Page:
Life With Horace

poetry & essays

Black eyed susan

field notes: end of summer, visual feast


The end of (traditional) summer has arrived. In the natural world summer is only winding down, its passing not a done deal. This year I’ve been struck by the blowsy charms of the overripe, the almost gone, the partly eaten former glories in my garden.

Sedum, blue lobelia and black eyed susan.

Sedum, emerging blue lobelia and black eyed susan.

I’ve been feeling each day of this summer so intensely, mindful of time passing. It has been a wonderful experience I hope to carry into fall.

With the usual late season suspects coming into their own — garlic chive flowers, blue lobelia, cardinal flower, buddleia and sedum, red and yellow apples — our visual smorgasbord is lush.

We have at least one pair of ruby throated hummingbirds here this year. I wonder if I will see them leave, or simply realize they haven’t been by in a couple of days.

I now know generally where one nest is, and will take a careful look come October.

A weed visitor, not without charm

A weed/wildflower visitor, not without its charm

This has been a so so summer for butterflies, although we did have a Luna Moth visit early on. I have not seen a single Monarch this summer so far. Not one. [9/11/14 post script: three monarchs have appeared, big relief.]

Our milkweed patch, here before we moved in, continues to thrive, and we will harvest some seeds to spread in other areas around our yard.

Blue lobelia

Blue lobelia in full bloom

Did I mention the toads? And frogs? They are all over the place, many more than usual. Horrie thinks it is his mission to catch them all. Yesterday one tiny toad hid out on my water sandal next to my heel until the coast was clear. It felt like a very soft, wispy kiss, which is what made me look down in the first place. Coming home last night from rehearsal there were big two green and brown bullfrogs on the kitchen doorstep, feasting on bugs!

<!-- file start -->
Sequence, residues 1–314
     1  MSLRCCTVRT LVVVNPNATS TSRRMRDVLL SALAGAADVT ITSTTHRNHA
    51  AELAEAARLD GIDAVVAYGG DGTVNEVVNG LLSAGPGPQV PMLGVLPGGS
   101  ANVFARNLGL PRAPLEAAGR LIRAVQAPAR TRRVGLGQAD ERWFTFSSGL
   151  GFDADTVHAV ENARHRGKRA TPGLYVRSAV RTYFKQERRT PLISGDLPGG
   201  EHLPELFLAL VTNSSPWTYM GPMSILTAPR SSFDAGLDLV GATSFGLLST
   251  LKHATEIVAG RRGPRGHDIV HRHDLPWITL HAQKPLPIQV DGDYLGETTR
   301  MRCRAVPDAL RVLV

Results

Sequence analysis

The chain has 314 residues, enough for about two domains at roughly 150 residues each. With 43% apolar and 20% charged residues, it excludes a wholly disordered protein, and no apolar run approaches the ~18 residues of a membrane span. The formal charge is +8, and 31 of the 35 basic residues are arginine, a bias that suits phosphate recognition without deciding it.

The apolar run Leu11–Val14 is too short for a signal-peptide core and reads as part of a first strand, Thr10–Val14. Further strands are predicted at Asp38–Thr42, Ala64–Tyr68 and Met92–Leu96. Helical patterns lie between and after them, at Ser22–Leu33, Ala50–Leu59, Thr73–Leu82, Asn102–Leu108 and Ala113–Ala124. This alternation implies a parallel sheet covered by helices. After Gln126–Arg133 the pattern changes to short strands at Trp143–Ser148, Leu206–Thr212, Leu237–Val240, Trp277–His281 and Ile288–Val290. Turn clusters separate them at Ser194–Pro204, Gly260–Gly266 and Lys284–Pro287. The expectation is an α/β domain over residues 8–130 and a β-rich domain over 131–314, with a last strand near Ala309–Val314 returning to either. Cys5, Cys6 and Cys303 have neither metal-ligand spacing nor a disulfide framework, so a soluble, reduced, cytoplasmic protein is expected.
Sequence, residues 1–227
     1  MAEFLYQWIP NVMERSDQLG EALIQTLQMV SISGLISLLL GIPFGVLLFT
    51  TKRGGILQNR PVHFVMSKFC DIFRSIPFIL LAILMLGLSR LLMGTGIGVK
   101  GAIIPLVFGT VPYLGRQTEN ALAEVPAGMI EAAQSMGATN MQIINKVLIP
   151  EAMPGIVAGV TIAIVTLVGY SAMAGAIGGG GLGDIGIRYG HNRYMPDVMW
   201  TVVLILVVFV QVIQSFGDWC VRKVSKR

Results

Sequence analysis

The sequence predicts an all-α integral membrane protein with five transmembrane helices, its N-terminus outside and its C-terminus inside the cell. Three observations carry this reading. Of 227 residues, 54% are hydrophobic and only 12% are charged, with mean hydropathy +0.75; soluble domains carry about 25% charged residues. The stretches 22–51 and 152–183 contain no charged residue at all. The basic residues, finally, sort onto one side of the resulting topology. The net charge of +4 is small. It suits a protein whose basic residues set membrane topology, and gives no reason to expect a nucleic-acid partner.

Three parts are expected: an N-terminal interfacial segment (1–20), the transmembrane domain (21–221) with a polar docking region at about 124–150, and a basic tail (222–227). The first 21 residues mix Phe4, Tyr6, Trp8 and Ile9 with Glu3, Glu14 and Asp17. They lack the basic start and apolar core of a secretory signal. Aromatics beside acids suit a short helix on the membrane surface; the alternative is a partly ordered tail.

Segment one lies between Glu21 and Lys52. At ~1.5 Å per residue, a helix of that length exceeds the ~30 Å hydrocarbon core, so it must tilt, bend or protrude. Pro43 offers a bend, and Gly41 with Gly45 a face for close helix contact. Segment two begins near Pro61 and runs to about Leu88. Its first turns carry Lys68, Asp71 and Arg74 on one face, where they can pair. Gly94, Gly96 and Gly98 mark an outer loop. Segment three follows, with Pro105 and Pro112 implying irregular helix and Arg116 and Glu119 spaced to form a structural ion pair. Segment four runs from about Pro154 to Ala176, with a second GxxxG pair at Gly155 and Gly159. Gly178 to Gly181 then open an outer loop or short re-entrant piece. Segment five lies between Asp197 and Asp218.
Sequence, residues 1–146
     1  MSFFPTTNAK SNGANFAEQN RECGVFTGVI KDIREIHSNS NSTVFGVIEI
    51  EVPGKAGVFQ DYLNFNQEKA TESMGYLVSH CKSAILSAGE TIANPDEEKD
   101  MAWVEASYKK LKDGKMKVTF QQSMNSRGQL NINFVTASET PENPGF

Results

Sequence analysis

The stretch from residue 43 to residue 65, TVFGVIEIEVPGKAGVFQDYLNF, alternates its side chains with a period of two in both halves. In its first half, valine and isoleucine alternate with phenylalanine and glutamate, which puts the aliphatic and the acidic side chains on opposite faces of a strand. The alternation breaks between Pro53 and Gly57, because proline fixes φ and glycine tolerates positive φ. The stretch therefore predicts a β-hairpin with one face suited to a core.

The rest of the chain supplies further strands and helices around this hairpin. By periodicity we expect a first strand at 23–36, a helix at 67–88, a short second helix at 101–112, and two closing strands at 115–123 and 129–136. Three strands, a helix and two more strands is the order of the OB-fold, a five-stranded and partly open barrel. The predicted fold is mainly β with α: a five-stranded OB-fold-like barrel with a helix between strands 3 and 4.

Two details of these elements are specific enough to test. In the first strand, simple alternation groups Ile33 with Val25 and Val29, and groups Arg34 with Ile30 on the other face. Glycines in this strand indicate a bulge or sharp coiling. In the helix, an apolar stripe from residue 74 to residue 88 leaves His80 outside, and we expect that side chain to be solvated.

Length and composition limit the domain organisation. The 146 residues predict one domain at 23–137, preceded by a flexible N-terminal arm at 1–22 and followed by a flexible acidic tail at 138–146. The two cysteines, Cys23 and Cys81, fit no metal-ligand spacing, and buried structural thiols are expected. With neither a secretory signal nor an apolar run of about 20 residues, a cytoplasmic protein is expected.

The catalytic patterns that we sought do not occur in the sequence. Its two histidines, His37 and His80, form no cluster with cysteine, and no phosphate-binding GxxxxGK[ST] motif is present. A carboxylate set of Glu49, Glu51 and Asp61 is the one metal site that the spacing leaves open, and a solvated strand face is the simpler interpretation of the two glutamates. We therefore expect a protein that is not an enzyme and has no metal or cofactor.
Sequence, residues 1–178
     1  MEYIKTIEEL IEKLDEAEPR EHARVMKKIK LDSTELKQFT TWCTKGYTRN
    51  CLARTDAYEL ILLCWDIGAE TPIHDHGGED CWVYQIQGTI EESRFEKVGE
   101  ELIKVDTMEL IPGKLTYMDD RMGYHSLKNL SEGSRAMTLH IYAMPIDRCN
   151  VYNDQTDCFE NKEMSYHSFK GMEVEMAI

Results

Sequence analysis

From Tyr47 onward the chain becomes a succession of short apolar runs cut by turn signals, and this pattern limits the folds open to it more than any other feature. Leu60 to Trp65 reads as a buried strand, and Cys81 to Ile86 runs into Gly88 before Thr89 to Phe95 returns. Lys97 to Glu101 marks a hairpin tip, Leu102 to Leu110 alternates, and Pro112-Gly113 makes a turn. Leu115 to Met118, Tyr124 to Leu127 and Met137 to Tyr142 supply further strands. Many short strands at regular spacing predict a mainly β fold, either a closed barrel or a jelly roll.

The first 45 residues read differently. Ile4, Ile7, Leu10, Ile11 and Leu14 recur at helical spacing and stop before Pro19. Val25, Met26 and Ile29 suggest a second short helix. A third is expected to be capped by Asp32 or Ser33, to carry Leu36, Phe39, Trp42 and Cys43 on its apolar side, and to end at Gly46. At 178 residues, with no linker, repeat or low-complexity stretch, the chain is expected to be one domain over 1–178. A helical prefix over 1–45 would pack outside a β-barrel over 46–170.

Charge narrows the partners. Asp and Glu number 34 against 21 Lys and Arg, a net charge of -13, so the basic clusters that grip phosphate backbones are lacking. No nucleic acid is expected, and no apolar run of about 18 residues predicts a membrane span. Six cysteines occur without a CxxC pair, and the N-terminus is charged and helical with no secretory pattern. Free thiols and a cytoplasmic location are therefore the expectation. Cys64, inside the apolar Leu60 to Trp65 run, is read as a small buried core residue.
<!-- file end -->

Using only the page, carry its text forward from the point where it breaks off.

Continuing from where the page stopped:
Not quite denuded sunflower.

The bandit-masked yellow goldfinches have been going at the sunflowers, duking it out with the chipmunks for all the goodies on offer.

As I write this, there are three of them out there, calling to each other, pecking away.

Some of our winter residents have been coming by to see if the feeders are back up yet (they aren’t). Titmice, nuthatches, a woodpecker, and the ever hopeful mourning doves have all been here in the last week or so. The jays haven’t bothered yet. Come November we will be in the sunflower seed and suet business again. Any sooner and our bear friends will be back.

Purple bee balm, almost gone by

Purple bee balm, almost gone by

The purple bee balm had its glory days, and is now showing the effects of some mildew, but it was quite the star of the garden in mid-summer. It seems to be thriving and spreading more than its red or white cousins. I usually leave some deadheads intact over the winter for visual interest. And the birds.

Starry garlic chive flowers, echoing early spring bulbs

Starry garlic chive flowers, echoing early spring bulbs

Cardinal flower, always such a surprisingly intense red.

Cardinal flower, always such a surprisingly intense red.

It will be time to harvest the herbs soon and move a few plants around, and after the first frost trim things down and top dress the beds with a wonderful compost from Maine.

But not quite yet. We still have hummingbirds and dragonflies!

Author: Life With Horace

Poetry & Essays

3 thoughts on “field notes: end of summer, visual feast

  1. Oh they’ll know, never fear!


  2. I would love to see a luna moth! We’ve had gallium sphinx moths out at the football stadium but nothing as dramatic as a luna. The image of the little toad on your shoe is priceless.


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